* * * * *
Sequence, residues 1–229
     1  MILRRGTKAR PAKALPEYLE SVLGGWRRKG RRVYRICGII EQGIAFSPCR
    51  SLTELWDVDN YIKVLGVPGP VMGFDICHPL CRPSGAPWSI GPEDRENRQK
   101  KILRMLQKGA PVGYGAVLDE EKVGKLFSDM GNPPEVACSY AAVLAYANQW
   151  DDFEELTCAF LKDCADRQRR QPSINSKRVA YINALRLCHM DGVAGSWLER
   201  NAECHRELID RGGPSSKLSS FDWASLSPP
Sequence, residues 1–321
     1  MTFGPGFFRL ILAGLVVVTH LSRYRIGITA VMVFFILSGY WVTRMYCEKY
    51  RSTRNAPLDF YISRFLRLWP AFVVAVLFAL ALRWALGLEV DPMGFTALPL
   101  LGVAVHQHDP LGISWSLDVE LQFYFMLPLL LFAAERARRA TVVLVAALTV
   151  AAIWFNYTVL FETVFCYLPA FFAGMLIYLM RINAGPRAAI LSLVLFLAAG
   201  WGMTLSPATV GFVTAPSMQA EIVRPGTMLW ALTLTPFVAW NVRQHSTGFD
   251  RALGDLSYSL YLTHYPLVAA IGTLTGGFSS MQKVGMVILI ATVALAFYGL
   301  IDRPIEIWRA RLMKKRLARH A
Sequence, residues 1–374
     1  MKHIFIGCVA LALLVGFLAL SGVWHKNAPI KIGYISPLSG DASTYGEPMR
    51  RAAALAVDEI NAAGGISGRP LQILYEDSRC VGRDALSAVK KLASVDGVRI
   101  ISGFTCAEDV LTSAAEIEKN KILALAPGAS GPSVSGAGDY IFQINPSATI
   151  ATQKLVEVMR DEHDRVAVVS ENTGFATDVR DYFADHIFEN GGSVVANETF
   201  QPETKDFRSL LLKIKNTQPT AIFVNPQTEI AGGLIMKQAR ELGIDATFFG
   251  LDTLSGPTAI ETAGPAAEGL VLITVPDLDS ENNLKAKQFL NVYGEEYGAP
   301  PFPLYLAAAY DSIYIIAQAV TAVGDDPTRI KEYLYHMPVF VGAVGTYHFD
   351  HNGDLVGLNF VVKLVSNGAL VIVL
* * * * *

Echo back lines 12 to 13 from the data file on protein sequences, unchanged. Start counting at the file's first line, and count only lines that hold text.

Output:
   201  WGMTLSPATV GFVTAPSMQA EIVRPGTMLW ALTLTPFVAW NVRQHSTGFD
   251  RALGDLSYSL YLTHYPLVAA IGTLTGGFSS MQKVGMVILI ATVALAFYGL